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Let Our Data Define Us – Part II

EDITOR’S NOTE: In Part I, Lucy Bernholz charged the social sector to be the standard-bearer for one of biggest issues of our time: how we use data. She continues here, outlining a new definition for the sector at the forefront of taking on our biggest challenges.

Ours is a sector that should set the standards for data use, innovation, and sharing. The sector should be a leading voice on issues of digital access and personal privacy and an innovator when it comes to trying new enterprise forms built on data: think Khan Academy.

Social purpose organizations should be careful but willing partners in efforts that use data to find disruptive insights into shared public problems.

We should leapfrog old technologies where possible. Social networks, search engines, text messages—all yield massive aggregate data sets that may reveal how we the people are really making change happen in the 21st Century. When we think about the “data of change” we need to see past our own established boundaries to ask if there are new, better ways to organize to accomplish our stated missions.  In building shared systems of data, let us not limit ourselves to the revenue and enterprise flows that we’ve long used: instead, let us look to the data to see what is going on around us.

The social sector is no longer the purview of philanthropy and nonprofits. Social businesses, informal networks, crowdfunded prototypes, and social investments are all part of the mix.

We cannot define the social sector by the enterprise form (nonprofit), or type of revenue (philanthropy)—this is too limiting.

Nor can we define the sector by its outcomes. Although it is the first-gathering place of those seeking to use private resources for the benefit of others, the social economy relies on relationships with business and government. Should we ever get around to agreeing on outcomes we will still be faced by the hairy problem of attribution—better to focus on doing the work than claiming false credit.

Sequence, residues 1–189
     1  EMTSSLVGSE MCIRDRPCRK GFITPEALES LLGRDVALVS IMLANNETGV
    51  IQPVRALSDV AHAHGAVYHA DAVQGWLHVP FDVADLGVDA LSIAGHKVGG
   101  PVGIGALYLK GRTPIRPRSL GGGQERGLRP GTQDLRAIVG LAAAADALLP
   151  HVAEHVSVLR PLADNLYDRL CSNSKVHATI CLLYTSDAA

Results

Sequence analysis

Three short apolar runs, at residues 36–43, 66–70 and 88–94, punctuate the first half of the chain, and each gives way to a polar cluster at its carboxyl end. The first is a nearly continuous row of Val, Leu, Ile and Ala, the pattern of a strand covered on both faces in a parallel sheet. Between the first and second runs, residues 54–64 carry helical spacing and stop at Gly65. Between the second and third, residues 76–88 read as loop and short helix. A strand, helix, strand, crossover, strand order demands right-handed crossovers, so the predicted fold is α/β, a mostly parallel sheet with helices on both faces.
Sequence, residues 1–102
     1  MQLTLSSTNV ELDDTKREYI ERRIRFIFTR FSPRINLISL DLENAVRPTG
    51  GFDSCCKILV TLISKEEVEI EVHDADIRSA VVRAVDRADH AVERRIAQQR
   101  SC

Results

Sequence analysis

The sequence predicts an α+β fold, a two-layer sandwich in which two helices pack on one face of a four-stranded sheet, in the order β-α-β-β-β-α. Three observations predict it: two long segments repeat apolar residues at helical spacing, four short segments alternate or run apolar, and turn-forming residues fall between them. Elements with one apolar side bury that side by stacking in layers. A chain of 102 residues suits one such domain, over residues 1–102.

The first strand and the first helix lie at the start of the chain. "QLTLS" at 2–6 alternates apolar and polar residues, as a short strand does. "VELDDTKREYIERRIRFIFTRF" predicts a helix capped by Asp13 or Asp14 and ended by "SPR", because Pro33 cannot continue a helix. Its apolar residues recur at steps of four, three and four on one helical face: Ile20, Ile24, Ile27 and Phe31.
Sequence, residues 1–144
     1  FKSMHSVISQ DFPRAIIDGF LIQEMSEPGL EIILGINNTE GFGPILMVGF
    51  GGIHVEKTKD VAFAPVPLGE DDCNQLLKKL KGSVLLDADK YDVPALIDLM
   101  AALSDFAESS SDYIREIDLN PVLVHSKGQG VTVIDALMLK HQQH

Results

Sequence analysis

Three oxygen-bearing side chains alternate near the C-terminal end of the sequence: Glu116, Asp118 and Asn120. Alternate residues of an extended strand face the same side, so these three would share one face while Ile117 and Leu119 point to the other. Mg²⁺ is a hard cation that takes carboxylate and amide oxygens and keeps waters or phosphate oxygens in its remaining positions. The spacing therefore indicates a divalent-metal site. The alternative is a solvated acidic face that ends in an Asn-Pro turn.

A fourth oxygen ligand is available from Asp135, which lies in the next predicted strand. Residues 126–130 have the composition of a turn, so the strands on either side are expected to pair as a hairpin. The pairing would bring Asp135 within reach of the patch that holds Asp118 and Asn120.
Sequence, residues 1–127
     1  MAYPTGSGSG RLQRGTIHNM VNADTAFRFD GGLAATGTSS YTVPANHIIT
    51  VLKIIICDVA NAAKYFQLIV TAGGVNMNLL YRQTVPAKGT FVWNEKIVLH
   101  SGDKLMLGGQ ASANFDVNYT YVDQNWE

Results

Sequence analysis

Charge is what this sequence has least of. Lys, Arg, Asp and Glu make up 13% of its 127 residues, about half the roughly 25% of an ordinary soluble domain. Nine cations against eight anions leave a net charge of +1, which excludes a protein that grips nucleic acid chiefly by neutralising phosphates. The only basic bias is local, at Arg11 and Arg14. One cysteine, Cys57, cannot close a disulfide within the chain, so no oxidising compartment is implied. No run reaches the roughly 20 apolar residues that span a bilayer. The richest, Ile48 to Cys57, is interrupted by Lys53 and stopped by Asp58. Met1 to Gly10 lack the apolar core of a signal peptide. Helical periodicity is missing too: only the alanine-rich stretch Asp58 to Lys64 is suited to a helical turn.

More important, the economy is consciously defined by conflicting results. The deliberate diversity of the sector—that it is home to both pro-life and pro-choice, gun control and gun advocacy organizations—makes its inclusivity more salient than its outcomes.

With enterprise structure and outcomes set aside as defining  characteristics, let us look to data as a revealing asset.

If we set and meet high standards on data sharing in pursuit of mission, provide incentives to gather and share, and demonstrate results by virtue of our practices, the social economy in all its healthy diversity will stand apart. With respect to both the power of aggregate data sets and the rights of individuals, the sector will  become a trusted ally on issues of personal privacy. With a justice-based lens on ownership and property rights and default position of contributing to and taking from shared repositories of data, the sector will can become a proving ground for inclusive practices.

Americans have long taken pride in our tradition of independent associations. Let us now bring that associational tendency and tradition to our use of data. As we have long been known for our civic action and participation offline, let us be come to be known by shared practices around data—how we contribute and draw from it, use it to better opportunities for all of us, protect it and those it makes vulnerable, and value it as a critical resource for change in the 21st Century.